Master of suspense James Patterson reopens the ultimate cold case—the unsolved death of King Tut.
A secret buried for centuries
Thrust onto Egypt's most powerful throne at the age of nine, King Tut was challenged from the first days of his reign. The veil of prosperity could not hide the bitter rivalries and jealousy that flourished among the Boy King's most trusted advisers. Less than a decade after his elevatation, King Tut suddenly perished, and in the years and centuries that followed, his name was purged from Egyptian history. To this day, his death remains shrouded in controversy.
The keys to an unsolved mystery
Intrigued by what little was known about Tut, and hoping to unlock the answers to the 3,000-year-old mystery, Howard Carter made it his life's mission to uncover the pharaoh's hidden tomb. He began his search in 1907 but encountered countless setbacks and dead ends before he finally discovered the long-lost crypt.
The clues point to murder
Now, in The Murder of King Tut, James Patterson and Martin Dugard dig through stacks of evidence—X-rays, Carter's files, forensic clues, and stories told through the ages—to arrive at their own account of King Tut's life and death. The result is an exhilarating, true crime tale of intrigue, passion, and betrayal that casts fresh light on the oldest mystery of all.
Palm Beach, Florida
"THIS IS JAMES PATTERSON CALLING. Is Michael around? I have a mystery story to tell him."
As most people would expect, I love a good mystery, and I thought I might have unearthed a real doozy to write about, which was why I had put in a call to my editor at Little, Brown, Michael Pietsch, who is also the publisher.
As I waited for Michael to come on the line—he usually takes my calls, night or day—I looked around my second-floor office. Am I completely mad? I wondered.
The last thing I needed right now was another writing project. I already had a new Alex Cross novel on the fires, and a Women's Murder Club brewing, and a Maximum ride to finish. In fact, there were twenty-four manuscripts—none of them yet completed—laid out on the expansive desk surface that occupies most of my office. I could read some of the titles: Swimsuit, Witch & Wizard, Daniel X, Women's Murder Club 9, Worst Case...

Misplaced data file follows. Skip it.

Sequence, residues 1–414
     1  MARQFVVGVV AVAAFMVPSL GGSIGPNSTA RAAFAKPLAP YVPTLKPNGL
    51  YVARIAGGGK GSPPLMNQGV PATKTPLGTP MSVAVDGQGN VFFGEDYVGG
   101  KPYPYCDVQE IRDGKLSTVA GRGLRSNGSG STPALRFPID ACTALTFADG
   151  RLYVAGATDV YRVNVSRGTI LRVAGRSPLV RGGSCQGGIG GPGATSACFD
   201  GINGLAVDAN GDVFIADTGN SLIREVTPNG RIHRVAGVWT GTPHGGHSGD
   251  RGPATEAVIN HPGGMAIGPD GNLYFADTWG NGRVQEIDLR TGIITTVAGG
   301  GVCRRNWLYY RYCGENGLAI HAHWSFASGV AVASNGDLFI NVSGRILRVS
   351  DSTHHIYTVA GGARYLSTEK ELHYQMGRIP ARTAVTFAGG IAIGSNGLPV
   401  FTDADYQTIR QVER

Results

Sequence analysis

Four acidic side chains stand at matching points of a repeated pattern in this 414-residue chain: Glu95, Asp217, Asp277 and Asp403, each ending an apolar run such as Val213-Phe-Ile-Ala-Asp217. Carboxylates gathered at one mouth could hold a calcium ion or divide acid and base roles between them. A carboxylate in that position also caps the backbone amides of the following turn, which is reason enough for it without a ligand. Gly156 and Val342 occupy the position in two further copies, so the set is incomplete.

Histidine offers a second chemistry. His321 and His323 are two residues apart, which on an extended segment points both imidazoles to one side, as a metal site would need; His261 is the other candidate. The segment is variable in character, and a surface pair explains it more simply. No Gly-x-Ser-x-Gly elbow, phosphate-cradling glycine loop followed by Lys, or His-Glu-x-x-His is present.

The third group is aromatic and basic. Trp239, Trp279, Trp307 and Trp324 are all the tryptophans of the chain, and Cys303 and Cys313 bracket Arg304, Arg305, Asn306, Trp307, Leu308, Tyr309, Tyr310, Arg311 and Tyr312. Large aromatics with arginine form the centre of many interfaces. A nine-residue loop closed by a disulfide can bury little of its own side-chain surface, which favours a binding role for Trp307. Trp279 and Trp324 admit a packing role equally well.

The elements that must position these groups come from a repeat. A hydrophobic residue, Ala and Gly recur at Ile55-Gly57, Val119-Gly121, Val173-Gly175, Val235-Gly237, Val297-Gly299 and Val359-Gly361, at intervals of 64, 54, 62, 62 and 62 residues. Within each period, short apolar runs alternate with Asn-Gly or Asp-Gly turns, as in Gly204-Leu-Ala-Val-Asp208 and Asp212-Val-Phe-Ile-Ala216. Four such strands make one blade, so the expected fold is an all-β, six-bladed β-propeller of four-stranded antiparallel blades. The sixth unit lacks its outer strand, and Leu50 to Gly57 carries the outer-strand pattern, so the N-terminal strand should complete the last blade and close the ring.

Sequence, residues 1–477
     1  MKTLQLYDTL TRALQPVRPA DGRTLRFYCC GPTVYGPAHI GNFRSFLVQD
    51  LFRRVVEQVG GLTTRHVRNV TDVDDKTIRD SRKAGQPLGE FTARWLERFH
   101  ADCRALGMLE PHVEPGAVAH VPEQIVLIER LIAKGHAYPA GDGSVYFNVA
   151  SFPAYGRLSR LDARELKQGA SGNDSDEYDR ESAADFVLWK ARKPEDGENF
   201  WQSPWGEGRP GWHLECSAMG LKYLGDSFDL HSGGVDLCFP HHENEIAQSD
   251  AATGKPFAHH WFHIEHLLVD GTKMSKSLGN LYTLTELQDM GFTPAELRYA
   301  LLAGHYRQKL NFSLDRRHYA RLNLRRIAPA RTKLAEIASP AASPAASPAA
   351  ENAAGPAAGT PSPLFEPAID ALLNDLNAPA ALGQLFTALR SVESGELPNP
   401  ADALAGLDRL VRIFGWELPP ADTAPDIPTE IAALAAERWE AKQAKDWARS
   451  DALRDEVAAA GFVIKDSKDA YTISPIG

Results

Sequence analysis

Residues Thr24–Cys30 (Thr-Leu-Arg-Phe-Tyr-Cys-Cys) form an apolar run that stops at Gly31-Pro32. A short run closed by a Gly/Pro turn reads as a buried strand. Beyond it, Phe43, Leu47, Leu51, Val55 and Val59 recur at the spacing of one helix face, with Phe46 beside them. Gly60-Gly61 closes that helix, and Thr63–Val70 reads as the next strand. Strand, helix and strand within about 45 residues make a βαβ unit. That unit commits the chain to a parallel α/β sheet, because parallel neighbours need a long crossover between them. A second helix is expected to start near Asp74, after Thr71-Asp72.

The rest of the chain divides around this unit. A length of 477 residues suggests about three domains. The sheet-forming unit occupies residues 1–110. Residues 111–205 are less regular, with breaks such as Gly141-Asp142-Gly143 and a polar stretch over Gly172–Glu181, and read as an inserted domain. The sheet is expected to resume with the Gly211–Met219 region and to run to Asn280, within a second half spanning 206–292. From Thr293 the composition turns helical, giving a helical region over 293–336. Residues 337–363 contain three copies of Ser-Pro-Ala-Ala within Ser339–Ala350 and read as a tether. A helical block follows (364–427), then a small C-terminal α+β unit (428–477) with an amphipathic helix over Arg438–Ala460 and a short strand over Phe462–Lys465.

"I am completely crazy, aren't I?" I said as Pietsch came on the line. Michael is a calm and calming presence, very smart, and a wonderful father who knows how to handle children—like me—most of the time. over the years we have become a good fit and have turned out more than a dozen number one bestsellers together.
"Of course you're crazy, but why the phone call?" he asked. "Why aren't you writing?"
"I have an idea."
"I really like this one, Michael. Let me talk at you for a minute. OK? Since you seem to know everything about everything, you are probably aware that a collection of King Tut memorabilia is touring the world. People are lining up everywhere; the exhibit is usually sold out weeks in advance. I actually visited a Tut exhibit years ago at the Met in New York, and then recently in Fort Lauderdale. I've seen firsthand how Tut's story blows people's minds—men, women, and children, rich and poor.
"There's something about Tut that brings ancient Egypt to life for most of us. It's not just the incredible treasures he was buried with, or the art, or the near-miraculous discovery of the burial chamber by Howard Carter. It's all of that, of course, but there's something magical here, something iconic. Tut's name was scrubbed from Egyptian history books for thousands of years, and now Tut is probably the most famous pharaoh of them all. And yet nobody knows that much about him.
"Michael, I want to do a book about Tut. Three parts: present day, as I learn—hopefully—more and more about the Boy King; then the amazing discovery of the tomb and treasures by Carter, who is probably worth a book on his own; and a third part about Tut himself.
"Did you know that Tut married his sister—and that theirs was an incredible love story? So what do you think? Are you going to try to stop me? Just this once, will you save me from myself?"
Michael's infectious laughter traveled across the phone lines. "How's the new Alex Cross coming?" he asked.
"Almost done—ahead of schedule. You're going to like it."
"Well, Jim, like just about everyone else, I'm fascinated by ancient Egypt, the pyramids, the Valley of the Kings, Tut, Nefertiti, the rameses boys. So I have to tell you, I like the idea very much."
Now it was my turn to smile and to laugh in relief.
"I'm really glad. So let me tell you what I thought would close the deal—though, obviously, I don't need it. Michael, I have a hunch that Tut was murdered. And I hope, at least on paper, to prove it."
Michael laughed again. "You had me at ‘King Tut,'" he quipped.
Copyright © 2009 by James Patterson
Joe Barrett is an accomplished stage, screen, and television actor. A two-time Audie Award finalist, Joe has also won five Earphones Awards from AudioFile magazine for his audiobook narrations.
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